Karbonn is of the prime Indian phone makers whose entire portfolio mostly consists of Android based value-for-money smartphones. It is phone makers like these that have given multi-national brand-value-bragging phone makers a run for their money in the entry level. With attractive specs and a price point that seems too good to be true, they’re successfully luring the Indian customer. The Karbonn A8 seems like a fair deal for under Rs. 7k on paper. But how does it fare in reality? Let’s find out:
Design and Hardware
A welcome change from the explosion of big-screened monstrosities that we see nowadays, the Karbonn A8 has a relatively comfortable form factor that’s easy to use single-handedly. The white finish, especially the pearl-like finish of the rear shell is pleasant. The build quality feels fairly sturdy. Coming to the display — it is a typical 4-inch 800 x 480 pixel panel. For a Rs. 6k phone, the screen is just about acceptable. Sharpness is reasonable, there’s banding of colours when viewed at angles. The touch panel is fairly responsive, and fast-typing on the software QWERTY did not yield unwanted results. Corners have been cut by dropping the ambient light sensor, so the Karbonn A8 has no auto brightness adjustment feature. But what’s interesting is are the two dark dots next to the front-facing cam right above the screen — which typically are cut out to occupy the former-mentioned sensor and the proximity sensor.
The power and volume buttons are pretty tactile. The phone has capacitive menu, home and back keys underneath the display that fortunately are backlit so you can see them at night. The 5 megapixel camera at the back has support for auto-focus, and is accompanied by a single LED flash, which is sufficient to illuminate close-by objects in the dark. The rear camera takes decent shots and should be satisfactory to a typical user. The front-facing camera however is a joke, belting out blurry quality video. If you were planning on using this phone for Skype calls or Selfies, don’t bother. The speaker at the back is fairly loud for all general purposes.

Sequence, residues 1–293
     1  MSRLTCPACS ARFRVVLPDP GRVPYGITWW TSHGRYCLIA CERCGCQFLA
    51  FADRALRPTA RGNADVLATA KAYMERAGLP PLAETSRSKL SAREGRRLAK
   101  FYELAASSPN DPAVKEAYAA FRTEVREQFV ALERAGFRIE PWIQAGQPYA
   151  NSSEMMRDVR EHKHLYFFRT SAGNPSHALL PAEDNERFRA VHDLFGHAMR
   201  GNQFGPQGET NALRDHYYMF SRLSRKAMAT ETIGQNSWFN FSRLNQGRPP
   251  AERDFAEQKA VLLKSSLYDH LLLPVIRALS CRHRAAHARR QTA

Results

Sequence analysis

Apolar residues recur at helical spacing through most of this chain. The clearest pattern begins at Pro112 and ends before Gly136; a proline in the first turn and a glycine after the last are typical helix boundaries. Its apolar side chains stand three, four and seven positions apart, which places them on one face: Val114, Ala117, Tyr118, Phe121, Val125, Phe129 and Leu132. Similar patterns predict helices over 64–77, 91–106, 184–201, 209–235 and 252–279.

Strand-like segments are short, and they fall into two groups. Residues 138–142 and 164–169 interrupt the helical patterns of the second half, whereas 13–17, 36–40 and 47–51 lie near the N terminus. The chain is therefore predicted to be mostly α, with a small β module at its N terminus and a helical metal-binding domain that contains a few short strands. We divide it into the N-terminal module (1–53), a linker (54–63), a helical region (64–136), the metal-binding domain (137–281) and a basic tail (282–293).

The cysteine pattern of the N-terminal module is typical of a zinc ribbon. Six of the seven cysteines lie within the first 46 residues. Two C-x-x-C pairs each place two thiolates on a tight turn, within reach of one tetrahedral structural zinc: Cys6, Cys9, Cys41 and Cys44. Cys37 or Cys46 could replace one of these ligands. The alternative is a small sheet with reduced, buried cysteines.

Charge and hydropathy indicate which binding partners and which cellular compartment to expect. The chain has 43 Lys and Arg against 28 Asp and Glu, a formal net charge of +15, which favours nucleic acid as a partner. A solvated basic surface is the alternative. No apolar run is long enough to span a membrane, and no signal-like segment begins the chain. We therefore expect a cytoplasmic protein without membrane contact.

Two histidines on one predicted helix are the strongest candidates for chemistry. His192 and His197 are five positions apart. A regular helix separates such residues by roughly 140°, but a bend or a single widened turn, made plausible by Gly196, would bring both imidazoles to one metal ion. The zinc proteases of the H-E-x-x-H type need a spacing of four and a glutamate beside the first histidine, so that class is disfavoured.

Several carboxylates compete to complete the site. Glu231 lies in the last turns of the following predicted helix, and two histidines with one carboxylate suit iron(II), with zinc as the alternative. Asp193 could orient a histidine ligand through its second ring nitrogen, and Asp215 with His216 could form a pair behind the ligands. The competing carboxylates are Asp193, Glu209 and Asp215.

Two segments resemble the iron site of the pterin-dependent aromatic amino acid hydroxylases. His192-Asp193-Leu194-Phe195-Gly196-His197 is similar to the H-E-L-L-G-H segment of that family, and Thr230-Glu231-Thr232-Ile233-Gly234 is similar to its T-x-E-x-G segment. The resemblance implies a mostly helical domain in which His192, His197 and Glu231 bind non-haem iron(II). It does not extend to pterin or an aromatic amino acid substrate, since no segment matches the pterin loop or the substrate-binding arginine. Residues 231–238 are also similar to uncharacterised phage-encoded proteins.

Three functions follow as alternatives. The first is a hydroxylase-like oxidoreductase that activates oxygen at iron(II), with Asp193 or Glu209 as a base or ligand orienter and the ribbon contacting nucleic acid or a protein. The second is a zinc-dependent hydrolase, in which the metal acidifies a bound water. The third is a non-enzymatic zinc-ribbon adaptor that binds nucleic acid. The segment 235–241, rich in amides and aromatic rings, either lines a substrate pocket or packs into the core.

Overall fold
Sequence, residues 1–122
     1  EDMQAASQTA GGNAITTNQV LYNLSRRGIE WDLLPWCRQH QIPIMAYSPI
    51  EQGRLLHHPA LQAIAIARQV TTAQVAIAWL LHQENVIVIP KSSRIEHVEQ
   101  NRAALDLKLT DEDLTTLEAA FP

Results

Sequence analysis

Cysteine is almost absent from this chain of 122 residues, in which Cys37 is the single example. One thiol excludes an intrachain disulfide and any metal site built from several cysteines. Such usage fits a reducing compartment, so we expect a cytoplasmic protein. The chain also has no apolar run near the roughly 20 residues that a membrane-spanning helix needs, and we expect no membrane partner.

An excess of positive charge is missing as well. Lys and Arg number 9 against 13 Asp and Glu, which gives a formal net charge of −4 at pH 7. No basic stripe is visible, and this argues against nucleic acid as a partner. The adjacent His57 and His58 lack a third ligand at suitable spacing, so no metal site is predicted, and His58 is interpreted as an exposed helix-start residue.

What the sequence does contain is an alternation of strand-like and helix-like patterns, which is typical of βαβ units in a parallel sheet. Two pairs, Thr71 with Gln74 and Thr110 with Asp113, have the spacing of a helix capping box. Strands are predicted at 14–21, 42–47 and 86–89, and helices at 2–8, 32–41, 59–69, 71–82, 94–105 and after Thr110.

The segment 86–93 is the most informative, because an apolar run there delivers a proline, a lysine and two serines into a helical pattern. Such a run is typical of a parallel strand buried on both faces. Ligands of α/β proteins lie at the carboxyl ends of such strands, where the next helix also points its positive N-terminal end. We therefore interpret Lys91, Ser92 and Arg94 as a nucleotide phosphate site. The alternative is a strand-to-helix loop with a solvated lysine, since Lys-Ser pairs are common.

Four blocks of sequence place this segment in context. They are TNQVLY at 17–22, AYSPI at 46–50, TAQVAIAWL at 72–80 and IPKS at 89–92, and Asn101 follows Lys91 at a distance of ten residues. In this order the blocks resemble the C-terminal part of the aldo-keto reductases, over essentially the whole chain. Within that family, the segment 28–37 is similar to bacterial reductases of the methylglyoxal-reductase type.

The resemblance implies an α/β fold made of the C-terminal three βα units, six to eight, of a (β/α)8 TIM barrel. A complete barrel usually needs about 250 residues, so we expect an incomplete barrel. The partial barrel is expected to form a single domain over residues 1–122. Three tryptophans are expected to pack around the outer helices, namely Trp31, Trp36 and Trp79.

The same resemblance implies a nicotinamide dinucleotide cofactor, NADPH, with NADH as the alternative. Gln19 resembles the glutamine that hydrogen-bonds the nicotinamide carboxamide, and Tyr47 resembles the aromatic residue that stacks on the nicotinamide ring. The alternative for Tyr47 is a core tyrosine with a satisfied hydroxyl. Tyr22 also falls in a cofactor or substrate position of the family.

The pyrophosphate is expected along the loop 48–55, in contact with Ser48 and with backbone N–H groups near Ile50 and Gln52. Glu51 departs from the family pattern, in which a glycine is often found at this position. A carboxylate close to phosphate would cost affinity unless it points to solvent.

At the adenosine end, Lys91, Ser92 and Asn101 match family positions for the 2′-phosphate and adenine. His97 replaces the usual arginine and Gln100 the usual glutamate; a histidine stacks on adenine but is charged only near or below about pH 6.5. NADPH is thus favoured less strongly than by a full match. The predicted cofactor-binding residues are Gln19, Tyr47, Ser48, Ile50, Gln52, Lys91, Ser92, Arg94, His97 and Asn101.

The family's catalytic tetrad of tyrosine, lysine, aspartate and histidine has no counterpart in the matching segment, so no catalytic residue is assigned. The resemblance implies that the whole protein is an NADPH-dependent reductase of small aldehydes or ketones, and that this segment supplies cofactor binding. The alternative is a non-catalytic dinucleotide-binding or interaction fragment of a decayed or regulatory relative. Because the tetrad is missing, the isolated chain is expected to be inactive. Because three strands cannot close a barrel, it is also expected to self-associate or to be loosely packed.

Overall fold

The Karbonn A8 runs a nearly-stock version of Android 4.2.2 Jelly Bean. It is a good thing to see manufacturers sticking to the basics and not replacing the good ol’ stock UI with ugly customisations in the name of differentiation. The Karbonn A8 is running on a modest combination of a 1GHz dual-core chip and 512MB of RAM. Without any apps running, the App manager shows just 191MB of free RAM. We opened up many basic apps on the A8 and although we did experience a slight lag, the phone was still fairly usable. With the default set of preinstalled apps, the phone shows 0.89GB of free storage out of the quoted 4GB. So, the possibility of installing high-end games is out of the question. But apps like Flipboard, Facebook and Twitter were usable.
Unlike light customisations we’ve seen of Android on Micromax handsets, which have a modified notifications drawer, user profiles and a customised camera app, the Karbonn A8 retains the ‘defaultness’ of Android 4.2. The only customisation we saw was the additional ‘SIM card management’ menu which lets you handle how the two SIMs inside the phone should work.
The A8 has a 1500 mAh battery providing the juice; and in our experience battery was sufficient for the phone to last a day of typical usage on a WiFi network.
The Karbonn A8 right now sells for Rs. 6,100. At such a reasonable asking price, it would be unfair to expect the world from this phone. But assuming that your usage is going to be typically light, the A8 would be a fair buy. Competing the A8 for its money is the Xolo A500S, which more or less has a similar performance. So I suppose it would boil down to which brand you prefer. If you’re willing to stretch a little further, the Lava Iris 458q offers better bang-for-the-buck, if specs do indeed matter to you. The A8 is a pretty-looking phone for somebody upgrading from a feature phone to a smartphone for the first time.